To escape humans, wild animals are massively changing their habits. But their precautions do not stop there: according to a study conducted by American researchers and published on June 15, 2018 in the prestigious journal Science, many mammals increase their activity during the night to escape the diurnal super-predator known as human.
The researchers used data from 76 previous studies of 62 mammal species on six continents. They then compared the behavior of animals subject to human proximity and those that are not. The results obtained are identical whatever the continent, the habitat or the species: when they can escape the human presence with difficulty, the animals choose to go out only when humans are in bed. Thus, nocturnal activities increase by a factor of 1.36 when living next to humans. “For example, an animal that shares its activities equally between day and night will increase its proportion of nocturnal activities to 68% of its total activity near anthropogenic disturbances,” note the researchers. Hunting, farming, road expansion… All forms of human presence, lethal or not for animals, increase their nocturnal activity. Humans would be perceived as a real threat regardless of his actions in the area.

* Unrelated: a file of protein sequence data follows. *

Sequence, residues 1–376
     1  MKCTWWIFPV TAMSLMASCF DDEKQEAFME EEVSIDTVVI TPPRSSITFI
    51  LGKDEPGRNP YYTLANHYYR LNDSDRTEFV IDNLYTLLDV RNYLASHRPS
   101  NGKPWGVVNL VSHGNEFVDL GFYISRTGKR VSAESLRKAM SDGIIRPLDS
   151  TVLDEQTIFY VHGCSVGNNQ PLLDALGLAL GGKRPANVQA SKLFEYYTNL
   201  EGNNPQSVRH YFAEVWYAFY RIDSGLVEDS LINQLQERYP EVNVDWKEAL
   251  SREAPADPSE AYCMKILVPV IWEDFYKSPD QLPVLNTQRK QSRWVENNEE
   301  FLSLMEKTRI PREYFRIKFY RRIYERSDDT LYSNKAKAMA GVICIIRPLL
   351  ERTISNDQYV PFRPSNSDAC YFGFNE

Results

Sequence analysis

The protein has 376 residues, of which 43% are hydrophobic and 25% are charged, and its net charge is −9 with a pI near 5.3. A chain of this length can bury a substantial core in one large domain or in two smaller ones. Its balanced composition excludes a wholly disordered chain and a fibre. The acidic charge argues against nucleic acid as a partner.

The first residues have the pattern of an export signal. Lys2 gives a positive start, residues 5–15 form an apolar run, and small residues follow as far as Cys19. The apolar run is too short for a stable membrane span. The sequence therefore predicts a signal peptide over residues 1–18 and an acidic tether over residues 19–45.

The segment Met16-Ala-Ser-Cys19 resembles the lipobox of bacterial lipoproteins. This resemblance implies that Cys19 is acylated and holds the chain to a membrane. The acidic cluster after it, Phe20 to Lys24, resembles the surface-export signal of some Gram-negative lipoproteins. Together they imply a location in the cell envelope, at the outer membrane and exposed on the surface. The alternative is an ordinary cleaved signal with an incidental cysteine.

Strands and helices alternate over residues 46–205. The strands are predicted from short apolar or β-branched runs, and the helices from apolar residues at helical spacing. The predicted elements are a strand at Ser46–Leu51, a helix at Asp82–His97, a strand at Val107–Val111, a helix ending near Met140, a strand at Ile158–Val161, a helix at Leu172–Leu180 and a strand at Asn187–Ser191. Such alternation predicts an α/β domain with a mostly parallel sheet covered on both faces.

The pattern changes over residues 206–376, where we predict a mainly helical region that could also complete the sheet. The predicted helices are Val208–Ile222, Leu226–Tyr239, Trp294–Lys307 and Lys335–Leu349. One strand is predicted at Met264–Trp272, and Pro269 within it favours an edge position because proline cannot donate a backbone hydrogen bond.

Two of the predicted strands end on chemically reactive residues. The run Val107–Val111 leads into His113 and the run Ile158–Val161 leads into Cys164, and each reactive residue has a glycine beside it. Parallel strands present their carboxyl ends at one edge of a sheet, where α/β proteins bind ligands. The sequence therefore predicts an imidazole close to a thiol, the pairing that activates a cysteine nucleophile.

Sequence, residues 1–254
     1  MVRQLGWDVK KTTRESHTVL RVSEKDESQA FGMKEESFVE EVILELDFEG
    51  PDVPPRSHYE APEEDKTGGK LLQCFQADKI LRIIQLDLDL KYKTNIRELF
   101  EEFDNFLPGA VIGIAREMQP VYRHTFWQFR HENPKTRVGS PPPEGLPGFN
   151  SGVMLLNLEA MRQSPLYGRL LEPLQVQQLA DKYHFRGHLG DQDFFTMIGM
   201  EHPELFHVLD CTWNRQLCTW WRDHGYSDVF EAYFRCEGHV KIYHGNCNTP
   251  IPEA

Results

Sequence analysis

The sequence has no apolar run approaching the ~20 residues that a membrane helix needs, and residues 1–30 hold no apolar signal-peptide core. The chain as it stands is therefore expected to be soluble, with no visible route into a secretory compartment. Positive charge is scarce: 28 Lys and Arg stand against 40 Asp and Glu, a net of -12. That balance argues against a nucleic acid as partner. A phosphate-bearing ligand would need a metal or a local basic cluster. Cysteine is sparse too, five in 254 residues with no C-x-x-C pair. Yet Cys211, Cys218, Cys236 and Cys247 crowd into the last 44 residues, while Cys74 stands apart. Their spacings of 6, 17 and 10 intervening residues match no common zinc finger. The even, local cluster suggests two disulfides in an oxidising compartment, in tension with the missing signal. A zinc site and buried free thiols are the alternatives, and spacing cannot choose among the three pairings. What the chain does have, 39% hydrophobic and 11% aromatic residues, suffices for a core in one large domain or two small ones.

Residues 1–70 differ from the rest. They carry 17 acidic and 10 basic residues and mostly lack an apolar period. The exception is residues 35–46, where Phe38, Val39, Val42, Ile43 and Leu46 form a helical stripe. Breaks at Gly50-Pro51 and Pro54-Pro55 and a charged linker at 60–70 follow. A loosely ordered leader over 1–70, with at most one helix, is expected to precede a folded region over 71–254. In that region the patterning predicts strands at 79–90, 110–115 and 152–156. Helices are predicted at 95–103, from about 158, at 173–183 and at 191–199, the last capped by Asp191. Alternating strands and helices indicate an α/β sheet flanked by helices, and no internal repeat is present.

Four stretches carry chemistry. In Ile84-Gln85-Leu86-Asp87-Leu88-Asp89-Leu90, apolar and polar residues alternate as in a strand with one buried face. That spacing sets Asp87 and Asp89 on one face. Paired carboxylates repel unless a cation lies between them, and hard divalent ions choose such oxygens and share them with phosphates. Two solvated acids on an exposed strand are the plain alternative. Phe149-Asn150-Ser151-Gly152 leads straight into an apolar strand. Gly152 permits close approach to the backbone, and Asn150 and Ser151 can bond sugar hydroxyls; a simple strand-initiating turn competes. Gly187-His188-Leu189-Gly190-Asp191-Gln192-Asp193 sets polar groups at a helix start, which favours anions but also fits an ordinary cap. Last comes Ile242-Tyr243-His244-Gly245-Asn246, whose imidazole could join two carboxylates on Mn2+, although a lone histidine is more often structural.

If researchers agree that temporal avoidance may be a solution to avoid conflicts and facilitate a sometimes complicated coexistence, they also do not hide that it is not ideal. While some animals are perfectly adapted to a nightlife, others are currently unable to do so. They are less effective at finding food, avoiding predators or navigating in the middle of the night. This offbeat life also has ecological consequences: these animals reproduce less and see their life expectancy shorten. “Animal activities reflect millions of years of adaptation, and it’s hard to believe that we can simply push nature to activate at night and expect it to be functional and flourishing,” says Justin Brashares, co-author of the study.